2. Directive Principles of State Policy with Gandhian principles

This principle is based on the ideology of Gandhiji. Swadeshi , Sarvodaya , upliftment of Dalits and cleanliness etc. have been prominently involved in Gandhi’s thought.

For the fulfillment of these objectives and dreams of Gandhiji, it has been included in the Directive Principle. Because when Gandhiji died in 1948, the constitution was still being made.

Had he been alive, then some of the provisions mentioned below would have definitely become law at that time. But perhaps they were not, that is why the policy did not become part of the Directive Principle at that time. Although many things of his principles have been implemented over time, which has been discussed further.

Article 40 – Organization of Village Panchayats

Gandhi ji was a strong supporter of Panchayati Raj system, he wanted that local self-government system should be formed and all necessary powers should be given to him.

His dream was fulfilled in 1993, when the Panchayati Raj system was implemented. There is a separate article available on this topic, do read it.

Article 43 – In relation to cottage industry

We have read this above as well. Gandhiji was such a great supporter of cottage industry and self-reliance that he once asked everyone to spin the spinning wheel and make their own clothes of their own needs. It is currently being promoted under the Ministry of MSME.

Article 43B – Promotion of Co-operative Societies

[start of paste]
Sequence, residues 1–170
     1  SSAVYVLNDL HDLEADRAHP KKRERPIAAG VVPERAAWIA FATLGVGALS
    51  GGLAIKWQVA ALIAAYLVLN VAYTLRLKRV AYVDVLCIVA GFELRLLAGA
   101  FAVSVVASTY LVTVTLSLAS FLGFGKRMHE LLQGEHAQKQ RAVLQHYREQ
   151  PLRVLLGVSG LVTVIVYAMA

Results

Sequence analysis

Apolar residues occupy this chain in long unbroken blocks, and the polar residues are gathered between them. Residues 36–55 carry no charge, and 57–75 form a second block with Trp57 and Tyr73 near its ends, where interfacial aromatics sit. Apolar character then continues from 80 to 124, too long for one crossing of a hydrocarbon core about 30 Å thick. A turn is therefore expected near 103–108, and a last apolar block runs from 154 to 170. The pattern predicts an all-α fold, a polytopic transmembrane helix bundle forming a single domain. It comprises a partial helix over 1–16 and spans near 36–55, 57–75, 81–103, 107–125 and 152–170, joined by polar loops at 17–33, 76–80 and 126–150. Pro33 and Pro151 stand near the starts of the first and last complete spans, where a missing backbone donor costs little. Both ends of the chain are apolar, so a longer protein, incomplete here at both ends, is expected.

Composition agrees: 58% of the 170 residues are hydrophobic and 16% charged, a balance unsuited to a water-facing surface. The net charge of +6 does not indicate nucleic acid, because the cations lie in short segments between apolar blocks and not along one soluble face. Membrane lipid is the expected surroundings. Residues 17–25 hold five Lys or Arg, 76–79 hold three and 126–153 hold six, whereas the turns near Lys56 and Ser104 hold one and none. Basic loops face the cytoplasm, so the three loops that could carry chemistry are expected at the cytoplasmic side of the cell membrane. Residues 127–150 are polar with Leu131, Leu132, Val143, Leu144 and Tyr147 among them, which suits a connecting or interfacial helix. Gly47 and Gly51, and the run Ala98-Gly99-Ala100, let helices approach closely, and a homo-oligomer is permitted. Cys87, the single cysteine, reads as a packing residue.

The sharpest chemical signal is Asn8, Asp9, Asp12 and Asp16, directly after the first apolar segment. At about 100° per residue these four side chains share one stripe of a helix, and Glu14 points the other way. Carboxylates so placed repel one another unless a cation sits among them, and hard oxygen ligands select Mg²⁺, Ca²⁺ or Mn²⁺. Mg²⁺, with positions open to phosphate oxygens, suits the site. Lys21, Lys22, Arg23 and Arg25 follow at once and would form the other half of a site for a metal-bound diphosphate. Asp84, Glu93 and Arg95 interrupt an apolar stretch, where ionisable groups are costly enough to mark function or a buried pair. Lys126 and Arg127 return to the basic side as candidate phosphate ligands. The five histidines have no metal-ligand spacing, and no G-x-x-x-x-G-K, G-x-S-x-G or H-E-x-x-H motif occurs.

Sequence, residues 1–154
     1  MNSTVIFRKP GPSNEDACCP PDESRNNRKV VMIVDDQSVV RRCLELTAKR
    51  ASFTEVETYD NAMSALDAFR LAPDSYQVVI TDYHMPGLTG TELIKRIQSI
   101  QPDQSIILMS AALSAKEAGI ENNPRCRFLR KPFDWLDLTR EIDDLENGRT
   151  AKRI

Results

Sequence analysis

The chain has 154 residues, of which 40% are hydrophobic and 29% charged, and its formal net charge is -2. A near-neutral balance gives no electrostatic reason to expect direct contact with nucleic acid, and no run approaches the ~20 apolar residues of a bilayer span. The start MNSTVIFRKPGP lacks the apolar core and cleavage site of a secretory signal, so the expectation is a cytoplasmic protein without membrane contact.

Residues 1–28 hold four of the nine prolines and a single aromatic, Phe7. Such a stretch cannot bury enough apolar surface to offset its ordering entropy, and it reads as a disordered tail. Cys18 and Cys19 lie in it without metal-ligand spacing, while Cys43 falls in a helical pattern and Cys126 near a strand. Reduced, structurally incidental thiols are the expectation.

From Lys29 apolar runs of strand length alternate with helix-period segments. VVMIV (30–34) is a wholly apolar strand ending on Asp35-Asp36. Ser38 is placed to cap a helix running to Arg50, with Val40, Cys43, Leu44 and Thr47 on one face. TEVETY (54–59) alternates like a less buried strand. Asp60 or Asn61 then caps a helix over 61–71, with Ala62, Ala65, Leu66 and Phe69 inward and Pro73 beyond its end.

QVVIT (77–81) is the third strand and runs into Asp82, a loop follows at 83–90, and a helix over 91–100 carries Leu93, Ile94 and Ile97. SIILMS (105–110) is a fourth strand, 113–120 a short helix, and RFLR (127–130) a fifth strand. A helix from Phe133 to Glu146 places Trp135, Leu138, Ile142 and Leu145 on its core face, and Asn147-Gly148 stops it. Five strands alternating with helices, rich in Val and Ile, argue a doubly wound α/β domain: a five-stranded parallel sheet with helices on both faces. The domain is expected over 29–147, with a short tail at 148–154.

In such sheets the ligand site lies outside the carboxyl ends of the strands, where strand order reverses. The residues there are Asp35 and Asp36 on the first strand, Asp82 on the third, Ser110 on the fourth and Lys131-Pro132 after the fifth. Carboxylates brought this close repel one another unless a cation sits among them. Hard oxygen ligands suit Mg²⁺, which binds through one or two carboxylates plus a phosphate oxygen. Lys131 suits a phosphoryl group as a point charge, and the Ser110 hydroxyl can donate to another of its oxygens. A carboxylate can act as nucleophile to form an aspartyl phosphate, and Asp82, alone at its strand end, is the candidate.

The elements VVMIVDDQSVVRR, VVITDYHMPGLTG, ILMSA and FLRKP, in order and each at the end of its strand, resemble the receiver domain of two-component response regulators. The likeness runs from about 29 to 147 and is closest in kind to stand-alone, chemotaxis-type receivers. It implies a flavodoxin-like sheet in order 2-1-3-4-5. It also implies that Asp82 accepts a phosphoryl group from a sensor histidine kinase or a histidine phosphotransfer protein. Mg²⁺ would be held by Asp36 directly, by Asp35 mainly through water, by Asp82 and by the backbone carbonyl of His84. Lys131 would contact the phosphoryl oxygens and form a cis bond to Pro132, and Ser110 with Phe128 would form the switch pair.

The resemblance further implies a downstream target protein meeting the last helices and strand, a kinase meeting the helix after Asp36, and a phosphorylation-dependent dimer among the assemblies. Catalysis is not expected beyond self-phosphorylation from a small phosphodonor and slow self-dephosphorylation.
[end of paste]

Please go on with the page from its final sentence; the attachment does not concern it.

It was added through the 97th Constitutional Amendment 2011. Under this it has been said that the state will promote voluntary formation of cooperative societies, autonomous operation, democratic invitation and business management.

Today many cooperative societies are functioning across the country like Amul , Lijjat Papad etc.

Article 46 – Promotion of educational interests of SC, ST and other weaker sections

The State shall promote with special care the educational interests of the weaker sections of the people, especially the SCs and STs, and shall protect them from social injustice and all forms of exploitation.

To ensure this, the National Commission for Scheduled Castes, National Commission for Scheduled Tribes, Scheduled Castes and Tribes (Prevention of Atrocities) Act 1989National Commission for Backward Classes, reservation for SC, ST and Other Backward Classes etc. Has been.

Article 48 – Organization of agriculture and animal husbandry

The State shall endeavor to organize agriculture and animal husbandry through modern and scientific methods and shall encourage the improvement of breeds, especially the prohibition of slaughter of cows, calves and other milch animals.  

To ensure this, cow slaughter has been banned in many states such as Uttar Pradesh.

Here is the Gandhian principle of the Directive Principle of State Policy, let us now know about the liberal intellectual principle.

3. Directive Principles of State Policy with liberal intellectual theory

Liberal means – liberal towards different opinions and practices; Liberal mainly supports Fair Competition, Free Market, Tolerance, Limited Government, Human Rights, Gender Equality etc.

Article 44 – Uniform civil code for citizens

The State shall endeavor to obtain a Uniform Civil Code for the citizens throughout the territory of India. This has not been possible yet.

Article 45 – Provision for early childhood care and education for children below the age of six years

The State shall make provision for providing early childhood care and education to all children till they complete the age of six years.

By the 86th Constitutional Amendment 2002, it has been made a part of the Fundamental Right under Article 21 ‘A’ . Under which free and compulsory education has been arranged for children up to 14 years of age.

Article 48 – Organization of agriculture and animal husbandry